Mr Vallance said last week that Britain's regulatory system is flawed because no one regulates the regulators. The watchdogs were put in place when telephone, gas, water and electricity industries were privatised. Their function is to protect consumers and promote competition.
Mr Vallance also attacked Oftel, the telecommunications regulator, for secret deliberations, saying this has made it almost impossible for BT to seek a judicial review of regulatory decisions.
He pointed out that the company's only option when it does not agree with Oftel is to go to the Monopolies and Mergers Commission. MMC investigations could take months and were a drain on management resources.
BT suggests that two non-executive directors should be appointed to each regulator's board. It is worried that many decisions come from one man - currently Bill Wigglesworth in the case of Oftel. Mr Wigglesworth is acting director-general and replaced Sir Bryan Carsberg, who became Director-General of the Office of Fair Trading.
Mr Vallance also thinks each watchdog should have a limited life, laid down in law. His comments come amid growing concern among the utilities that the regulators interfere too much in their business. BT recently averted an MMC reference only by accepting a tough new regime that limits price increases to inflation minus 7.5 percentage points. BT has also been told to separate its accounting for local and long-distance businesses to allow other companies to use its network on the same terms. BT maintains this split will be hard to implement and has yet to agree the details with Oftel.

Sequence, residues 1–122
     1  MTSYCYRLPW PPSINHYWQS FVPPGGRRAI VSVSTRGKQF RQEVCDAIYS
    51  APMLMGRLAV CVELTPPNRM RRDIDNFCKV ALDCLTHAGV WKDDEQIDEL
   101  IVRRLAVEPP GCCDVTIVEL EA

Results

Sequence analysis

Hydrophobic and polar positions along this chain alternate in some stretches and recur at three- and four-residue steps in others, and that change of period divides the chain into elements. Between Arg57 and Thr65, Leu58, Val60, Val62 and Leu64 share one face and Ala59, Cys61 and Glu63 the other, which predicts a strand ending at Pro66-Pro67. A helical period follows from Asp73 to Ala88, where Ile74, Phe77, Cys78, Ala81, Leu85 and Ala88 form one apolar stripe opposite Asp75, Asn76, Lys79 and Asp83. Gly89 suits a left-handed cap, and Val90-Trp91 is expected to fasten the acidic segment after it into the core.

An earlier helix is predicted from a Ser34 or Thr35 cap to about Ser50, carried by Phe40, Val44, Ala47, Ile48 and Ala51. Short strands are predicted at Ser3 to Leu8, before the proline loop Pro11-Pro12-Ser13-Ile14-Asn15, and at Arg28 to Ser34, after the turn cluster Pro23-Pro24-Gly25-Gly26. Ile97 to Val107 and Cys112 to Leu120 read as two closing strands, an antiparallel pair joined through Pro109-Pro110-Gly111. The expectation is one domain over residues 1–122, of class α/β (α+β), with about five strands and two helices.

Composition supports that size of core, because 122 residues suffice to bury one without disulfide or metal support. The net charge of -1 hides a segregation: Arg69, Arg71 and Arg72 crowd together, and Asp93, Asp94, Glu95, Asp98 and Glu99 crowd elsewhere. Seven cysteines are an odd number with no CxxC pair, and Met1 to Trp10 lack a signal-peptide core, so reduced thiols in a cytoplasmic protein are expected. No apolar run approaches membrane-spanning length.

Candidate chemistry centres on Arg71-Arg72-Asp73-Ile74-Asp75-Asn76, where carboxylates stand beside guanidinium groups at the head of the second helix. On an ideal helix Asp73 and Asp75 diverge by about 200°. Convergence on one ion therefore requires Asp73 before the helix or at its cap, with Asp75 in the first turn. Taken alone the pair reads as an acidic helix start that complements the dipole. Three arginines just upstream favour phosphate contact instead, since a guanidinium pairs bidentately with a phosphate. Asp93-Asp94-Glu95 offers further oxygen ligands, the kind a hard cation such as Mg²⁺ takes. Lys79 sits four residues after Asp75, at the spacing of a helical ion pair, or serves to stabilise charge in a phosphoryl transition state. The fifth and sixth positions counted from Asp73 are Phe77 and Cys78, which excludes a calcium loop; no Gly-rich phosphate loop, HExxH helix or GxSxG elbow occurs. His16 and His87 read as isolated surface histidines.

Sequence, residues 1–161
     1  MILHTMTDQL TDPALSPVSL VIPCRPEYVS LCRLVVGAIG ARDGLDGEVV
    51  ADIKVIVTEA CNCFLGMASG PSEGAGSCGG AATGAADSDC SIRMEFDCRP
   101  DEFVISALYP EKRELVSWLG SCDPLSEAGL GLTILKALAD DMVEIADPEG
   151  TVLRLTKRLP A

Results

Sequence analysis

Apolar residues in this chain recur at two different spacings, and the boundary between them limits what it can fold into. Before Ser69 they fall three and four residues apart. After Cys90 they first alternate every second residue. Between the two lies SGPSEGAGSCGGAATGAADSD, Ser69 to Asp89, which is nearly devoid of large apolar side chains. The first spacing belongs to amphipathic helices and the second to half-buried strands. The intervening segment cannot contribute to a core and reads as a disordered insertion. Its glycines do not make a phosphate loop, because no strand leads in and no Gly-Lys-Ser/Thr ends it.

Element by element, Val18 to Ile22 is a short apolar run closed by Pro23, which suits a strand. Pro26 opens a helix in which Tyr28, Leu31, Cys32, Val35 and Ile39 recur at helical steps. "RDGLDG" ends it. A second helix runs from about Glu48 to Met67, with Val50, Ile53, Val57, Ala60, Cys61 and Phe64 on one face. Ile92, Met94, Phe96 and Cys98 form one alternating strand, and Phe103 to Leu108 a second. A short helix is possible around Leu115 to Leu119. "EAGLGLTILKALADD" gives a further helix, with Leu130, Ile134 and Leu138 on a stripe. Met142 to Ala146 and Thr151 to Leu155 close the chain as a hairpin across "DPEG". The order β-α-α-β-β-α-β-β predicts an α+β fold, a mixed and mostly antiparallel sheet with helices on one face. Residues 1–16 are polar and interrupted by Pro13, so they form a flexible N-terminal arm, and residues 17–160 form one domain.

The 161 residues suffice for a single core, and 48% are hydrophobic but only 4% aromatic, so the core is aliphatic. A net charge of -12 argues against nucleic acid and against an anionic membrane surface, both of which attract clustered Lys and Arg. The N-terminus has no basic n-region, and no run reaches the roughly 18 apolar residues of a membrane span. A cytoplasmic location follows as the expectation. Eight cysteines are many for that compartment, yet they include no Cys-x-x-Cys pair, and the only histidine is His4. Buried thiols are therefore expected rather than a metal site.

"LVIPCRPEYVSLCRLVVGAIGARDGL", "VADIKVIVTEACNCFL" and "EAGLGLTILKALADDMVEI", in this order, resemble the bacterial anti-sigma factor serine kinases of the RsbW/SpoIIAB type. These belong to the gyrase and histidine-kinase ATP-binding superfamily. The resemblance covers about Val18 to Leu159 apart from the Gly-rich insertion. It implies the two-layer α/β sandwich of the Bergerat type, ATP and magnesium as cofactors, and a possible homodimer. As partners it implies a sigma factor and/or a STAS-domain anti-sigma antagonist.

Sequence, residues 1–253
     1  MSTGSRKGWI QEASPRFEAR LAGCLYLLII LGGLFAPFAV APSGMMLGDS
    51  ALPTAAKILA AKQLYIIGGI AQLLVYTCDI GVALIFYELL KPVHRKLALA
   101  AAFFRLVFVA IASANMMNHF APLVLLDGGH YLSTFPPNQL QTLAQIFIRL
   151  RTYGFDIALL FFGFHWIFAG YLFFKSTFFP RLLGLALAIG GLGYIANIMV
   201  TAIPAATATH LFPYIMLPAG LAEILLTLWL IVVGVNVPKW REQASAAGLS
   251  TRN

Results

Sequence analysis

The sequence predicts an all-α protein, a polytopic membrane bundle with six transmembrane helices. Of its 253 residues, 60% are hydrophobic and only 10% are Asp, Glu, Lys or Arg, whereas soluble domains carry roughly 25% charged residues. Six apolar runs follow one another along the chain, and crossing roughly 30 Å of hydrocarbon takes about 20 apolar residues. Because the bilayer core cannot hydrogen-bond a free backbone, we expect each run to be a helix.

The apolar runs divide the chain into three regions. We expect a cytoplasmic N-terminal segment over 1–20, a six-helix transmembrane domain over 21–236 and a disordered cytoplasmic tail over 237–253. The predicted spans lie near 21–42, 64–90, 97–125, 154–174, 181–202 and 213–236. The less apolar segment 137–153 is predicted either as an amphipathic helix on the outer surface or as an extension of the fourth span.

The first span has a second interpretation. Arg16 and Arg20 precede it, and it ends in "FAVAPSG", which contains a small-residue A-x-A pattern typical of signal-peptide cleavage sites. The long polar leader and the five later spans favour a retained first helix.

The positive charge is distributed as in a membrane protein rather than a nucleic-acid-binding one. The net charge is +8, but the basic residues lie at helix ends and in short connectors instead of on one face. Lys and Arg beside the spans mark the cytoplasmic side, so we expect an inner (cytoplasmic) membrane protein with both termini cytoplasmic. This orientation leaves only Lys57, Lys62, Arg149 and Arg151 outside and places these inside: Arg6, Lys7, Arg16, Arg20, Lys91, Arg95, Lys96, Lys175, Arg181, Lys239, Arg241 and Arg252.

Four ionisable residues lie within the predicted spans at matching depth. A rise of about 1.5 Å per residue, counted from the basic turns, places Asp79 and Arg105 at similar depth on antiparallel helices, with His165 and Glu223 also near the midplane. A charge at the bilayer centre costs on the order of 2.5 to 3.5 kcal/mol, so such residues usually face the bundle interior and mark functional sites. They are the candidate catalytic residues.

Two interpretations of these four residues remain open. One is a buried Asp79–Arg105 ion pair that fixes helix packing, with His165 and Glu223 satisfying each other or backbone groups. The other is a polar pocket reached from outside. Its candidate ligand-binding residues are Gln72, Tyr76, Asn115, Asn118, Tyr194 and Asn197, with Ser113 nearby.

Robert Evans, chairman of British Gas, has also complained about the regulatory burden on his group.
British Gas was referred to the MMC after it failed to agree with its watchdog, Ofgas, over how other suppliers, including oil companies, could use its pipes.
Water companies have been warned against any diversification that could be bad for their basic businesses. They have also been told that dividends should not be excessive.Reuse content